Axios published a draft of a letter from Congress going out to game publishers like Sony and Microsoft for information on how they respond to reports of extremist behavior in their online gaming communities.
The letter, which was penned by Democratic senators such as Katie Porter (CA) and Lori Trahan (MA) and was sent out today, comes in the wake of a recent report from the Anti-Defamation League (ADL) which states that extremism in game communities is on the rise since 2021.
In addition to Sony and Microsoft, fellow letter recipients are Activision Blizzard, Electronic Arts, Tencent, and Valve.
"We know that online games, like the ones you create, are widely used spaces where millions of people overwhelmingly report experiencing positive social behaviors," reads the draft. "However, they are also spaces where hate, harassment, and extremism can proliferate, and we are concerned about the total volume as well as the increase in player reports of these negative encounters."
Per the ADL's 2022 report, 77 percent of adults and 66 percent of teens have reported experiences with harassment in online games. Last year, that number was respectively at 71 percent (adults) and 60 percent (teens). Additionally, 60 percent of children ages 10-12 reported similar harassment.
Overall, 2.3 million teen players are believed to have been exposed to white-supremacist ideology in popular titles like Apex Legends, Call of Duty, and Roblox.
"Given the rise of extremism—especially white supremacist ideology—around the world, it is important that online video game developers work to stop the spread of harassment and extremist ideologies that proliferate on their platforms," the letter continues.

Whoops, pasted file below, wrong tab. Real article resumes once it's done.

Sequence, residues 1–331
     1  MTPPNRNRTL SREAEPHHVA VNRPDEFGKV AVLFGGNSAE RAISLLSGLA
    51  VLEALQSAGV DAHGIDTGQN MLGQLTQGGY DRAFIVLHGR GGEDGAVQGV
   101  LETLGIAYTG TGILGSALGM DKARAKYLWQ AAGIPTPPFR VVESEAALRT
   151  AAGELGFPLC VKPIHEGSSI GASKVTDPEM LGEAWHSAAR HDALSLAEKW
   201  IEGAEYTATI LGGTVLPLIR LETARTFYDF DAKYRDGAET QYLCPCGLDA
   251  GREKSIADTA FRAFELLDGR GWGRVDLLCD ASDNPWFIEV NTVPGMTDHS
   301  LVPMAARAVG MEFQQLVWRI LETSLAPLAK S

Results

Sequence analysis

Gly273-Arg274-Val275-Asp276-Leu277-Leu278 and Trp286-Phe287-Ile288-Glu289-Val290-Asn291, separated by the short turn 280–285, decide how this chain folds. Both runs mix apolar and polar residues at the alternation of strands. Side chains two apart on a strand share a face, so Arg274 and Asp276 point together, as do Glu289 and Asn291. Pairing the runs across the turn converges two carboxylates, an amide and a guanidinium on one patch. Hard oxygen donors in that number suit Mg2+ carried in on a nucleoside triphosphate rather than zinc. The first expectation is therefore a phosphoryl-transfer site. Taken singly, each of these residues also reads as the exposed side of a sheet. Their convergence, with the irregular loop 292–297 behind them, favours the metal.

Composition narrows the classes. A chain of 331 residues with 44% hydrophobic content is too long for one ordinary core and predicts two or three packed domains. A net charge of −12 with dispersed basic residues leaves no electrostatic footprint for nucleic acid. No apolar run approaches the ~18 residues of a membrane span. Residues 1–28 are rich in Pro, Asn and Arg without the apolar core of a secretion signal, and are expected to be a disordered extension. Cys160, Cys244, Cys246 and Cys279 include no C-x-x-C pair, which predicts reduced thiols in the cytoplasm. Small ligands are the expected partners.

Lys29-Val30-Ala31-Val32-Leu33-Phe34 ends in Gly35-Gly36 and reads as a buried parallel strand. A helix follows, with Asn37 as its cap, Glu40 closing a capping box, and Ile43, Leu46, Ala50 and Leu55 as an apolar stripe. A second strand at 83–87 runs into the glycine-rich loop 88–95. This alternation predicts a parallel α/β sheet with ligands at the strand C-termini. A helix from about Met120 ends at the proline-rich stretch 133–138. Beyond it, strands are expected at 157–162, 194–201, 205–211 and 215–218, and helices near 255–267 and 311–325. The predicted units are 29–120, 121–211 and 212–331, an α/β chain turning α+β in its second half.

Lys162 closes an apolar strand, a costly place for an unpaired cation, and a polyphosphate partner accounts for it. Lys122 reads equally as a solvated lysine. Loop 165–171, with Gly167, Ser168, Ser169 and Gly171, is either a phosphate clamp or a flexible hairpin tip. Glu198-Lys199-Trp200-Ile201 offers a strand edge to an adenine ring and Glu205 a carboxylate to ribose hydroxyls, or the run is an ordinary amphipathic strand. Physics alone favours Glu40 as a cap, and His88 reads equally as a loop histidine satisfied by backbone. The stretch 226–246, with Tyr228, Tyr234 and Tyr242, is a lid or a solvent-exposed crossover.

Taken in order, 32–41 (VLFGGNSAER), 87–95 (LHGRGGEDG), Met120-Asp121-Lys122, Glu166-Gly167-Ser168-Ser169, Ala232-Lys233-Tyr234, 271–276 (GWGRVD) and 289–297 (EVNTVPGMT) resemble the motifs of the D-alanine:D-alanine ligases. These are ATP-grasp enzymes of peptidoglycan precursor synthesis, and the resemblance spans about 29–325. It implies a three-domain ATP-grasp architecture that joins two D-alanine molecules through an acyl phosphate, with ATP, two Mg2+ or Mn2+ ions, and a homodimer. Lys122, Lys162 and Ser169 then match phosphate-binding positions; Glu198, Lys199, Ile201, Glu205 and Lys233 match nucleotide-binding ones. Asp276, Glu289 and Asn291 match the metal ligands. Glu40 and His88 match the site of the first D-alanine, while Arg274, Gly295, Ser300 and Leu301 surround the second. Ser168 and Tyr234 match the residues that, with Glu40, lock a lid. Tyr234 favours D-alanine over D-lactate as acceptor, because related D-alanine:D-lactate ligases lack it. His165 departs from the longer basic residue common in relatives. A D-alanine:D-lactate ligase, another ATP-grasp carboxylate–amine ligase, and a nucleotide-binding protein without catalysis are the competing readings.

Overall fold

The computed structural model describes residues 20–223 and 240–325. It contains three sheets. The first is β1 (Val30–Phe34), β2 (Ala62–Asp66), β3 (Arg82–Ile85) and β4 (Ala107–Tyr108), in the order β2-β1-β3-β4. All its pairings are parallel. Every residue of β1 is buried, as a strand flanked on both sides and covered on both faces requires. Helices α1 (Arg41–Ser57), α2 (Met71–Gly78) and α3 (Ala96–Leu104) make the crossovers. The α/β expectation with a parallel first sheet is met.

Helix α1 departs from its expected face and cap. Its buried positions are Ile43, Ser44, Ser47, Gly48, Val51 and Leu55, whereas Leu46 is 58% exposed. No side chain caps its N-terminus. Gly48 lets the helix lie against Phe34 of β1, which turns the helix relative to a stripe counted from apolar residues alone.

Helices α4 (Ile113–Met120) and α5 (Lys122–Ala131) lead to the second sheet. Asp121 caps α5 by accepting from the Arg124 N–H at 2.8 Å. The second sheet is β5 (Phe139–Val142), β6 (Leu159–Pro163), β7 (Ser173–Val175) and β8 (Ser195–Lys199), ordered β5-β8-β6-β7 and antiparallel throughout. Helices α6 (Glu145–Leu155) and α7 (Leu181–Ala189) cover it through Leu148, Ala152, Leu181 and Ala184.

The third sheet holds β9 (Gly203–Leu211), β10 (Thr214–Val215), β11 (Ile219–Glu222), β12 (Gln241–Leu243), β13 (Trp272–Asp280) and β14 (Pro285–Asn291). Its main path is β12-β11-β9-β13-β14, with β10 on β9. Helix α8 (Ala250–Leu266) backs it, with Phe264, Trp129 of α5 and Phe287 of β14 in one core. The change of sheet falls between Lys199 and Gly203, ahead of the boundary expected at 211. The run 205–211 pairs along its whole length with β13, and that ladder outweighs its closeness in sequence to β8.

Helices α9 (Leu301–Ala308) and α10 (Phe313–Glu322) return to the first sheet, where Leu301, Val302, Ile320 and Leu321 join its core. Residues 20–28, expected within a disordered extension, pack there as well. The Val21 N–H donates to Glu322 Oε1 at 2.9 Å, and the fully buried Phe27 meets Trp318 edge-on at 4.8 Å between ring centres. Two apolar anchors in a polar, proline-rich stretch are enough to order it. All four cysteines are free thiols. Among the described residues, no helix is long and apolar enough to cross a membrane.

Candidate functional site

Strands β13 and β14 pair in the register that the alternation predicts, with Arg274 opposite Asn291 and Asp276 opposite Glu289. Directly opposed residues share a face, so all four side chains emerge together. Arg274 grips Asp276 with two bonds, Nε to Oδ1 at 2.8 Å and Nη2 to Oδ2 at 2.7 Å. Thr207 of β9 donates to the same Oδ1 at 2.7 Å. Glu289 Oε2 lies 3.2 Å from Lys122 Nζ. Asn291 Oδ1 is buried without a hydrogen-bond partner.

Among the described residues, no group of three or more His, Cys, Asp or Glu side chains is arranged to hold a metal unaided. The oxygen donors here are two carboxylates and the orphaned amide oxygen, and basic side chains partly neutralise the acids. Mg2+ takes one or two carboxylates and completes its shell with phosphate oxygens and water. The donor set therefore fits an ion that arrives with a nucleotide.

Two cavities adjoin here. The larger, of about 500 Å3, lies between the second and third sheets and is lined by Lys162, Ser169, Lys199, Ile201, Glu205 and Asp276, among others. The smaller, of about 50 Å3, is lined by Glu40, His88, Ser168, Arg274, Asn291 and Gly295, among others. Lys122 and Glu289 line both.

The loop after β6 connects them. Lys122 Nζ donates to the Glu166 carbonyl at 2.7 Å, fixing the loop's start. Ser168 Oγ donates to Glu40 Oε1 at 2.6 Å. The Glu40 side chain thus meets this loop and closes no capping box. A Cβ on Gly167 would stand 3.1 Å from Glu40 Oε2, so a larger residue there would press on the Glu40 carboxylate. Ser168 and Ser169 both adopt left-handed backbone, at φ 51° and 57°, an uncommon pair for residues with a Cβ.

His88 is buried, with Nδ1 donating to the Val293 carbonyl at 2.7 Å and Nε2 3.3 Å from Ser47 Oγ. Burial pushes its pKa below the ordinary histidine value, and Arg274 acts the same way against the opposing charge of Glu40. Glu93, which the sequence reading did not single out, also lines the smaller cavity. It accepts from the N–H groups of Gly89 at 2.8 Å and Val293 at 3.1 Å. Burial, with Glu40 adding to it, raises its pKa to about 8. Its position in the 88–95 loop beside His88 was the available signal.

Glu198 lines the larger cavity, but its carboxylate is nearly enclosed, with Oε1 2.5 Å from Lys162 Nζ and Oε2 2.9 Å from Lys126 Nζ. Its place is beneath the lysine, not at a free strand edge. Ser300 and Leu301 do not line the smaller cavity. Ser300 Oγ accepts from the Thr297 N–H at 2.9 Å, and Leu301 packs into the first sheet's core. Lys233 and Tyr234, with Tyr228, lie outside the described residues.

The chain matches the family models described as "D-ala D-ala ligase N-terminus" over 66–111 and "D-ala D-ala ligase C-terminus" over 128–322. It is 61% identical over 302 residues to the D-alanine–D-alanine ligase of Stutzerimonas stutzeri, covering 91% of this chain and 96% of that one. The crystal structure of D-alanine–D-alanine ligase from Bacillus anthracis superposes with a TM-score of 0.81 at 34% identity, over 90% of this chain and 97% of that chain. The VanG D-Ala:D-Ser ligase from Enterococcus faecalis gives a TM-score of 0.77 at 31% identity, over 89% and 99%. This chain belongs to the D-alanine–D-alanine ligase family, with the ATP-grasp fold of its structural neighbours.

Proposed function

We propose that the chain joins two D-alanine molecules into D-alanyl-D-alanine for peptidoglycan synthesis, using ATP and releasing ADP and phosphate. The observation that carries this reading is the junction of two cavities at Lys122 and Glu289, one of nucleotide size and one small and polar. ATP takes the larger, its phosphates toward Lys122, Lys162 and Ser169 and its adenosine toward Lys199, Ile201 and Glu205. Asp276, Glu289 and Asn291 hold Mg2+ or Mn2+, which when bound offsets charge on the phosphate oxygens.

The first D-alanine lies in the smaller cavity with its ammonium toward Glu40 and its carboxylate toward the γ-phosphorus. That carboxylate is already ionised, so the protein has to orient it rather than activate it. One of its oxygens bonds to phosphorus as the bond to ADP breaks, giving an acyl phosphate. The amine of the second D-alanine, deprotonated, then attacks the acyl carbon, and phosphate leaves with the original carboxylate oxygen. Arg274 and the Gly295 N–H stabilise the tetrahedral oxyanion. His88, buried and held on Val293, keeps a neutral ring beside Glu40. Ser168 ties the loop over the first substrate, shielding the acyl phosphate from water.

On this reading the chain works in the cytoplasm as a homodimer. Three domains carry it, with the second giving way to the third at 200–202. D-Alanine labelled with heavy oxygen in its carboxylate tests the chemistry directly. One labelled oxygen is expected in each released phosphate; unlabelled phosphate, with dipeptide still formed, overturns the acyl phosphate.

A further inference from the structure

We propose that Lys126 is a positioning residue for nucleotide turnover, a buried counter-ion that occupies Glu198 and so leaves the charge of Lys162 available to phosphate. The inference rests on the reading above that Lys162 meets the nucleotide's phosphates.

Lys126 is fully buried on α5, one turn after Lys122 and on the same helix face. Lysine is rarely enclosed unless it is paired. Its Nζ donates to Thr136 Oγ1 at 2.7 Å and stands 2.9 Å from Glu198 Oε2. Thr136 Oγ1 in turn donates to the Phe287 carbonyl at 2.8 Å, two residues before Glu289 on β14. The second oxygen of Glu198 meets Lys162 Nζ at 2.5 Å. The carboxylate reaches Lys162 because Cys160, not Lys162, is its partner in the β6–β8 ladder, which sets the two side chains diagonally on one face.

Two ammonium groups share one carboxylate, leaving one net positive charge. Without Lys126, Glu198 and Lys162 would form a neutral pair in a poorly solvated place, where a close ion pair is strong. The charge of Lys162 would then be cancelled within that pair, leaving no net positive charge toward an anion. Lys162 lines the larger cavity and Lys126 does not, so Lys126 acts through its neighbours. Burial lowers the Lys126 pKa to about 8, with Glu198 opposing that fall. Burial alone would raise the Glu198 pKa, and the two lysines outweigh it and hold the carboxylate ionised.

In the letter's closing statements, the members of Congress ask questions pertaining to in and out-game ways players can report harassment, how those reports are handled, and how extremist content is even recognized in games to begin with.
Supremacist ideology in games keeps getting worse
Speaking about its most recent report, ADL CEO Jonathan Greenblatt told Axios that "game communities are being increasingly filled with hate and harassment. It’s time for players, parents, lawmakers, civil society, and communities to require more from the companies who profit off players’ interactions."
Last year, the ADL similarly warned that in-game harassment had increased since 2020, particularly for minorities such as women and people of color. Women reported an 8 percent jump in harassment (41 in 2020 to 49 percent in 2021), while Black and Asian-American players saw respective rises of 11 percent (31 to 42 percent) and 12 percent (26 to 38 percent).
Congress' focus on game publishers comes amidst a larger conversation about the role social media plays in people's lives, particularly teenagers. Senator Trahan, also speaking to Axios, added that "When we talk about holding technology companies accountable for what they’re pushing toward our kids, gaming companies must be a part of that conversation."
One of the aforementioned questions posed to publishers was if they'd be willing to release a regular transparency report on in-game player reporting and auto-bans for inappropriate behavior. Though the publishers aren't obligated to respond, Trahan noted that she would be paying attention to their response regardless.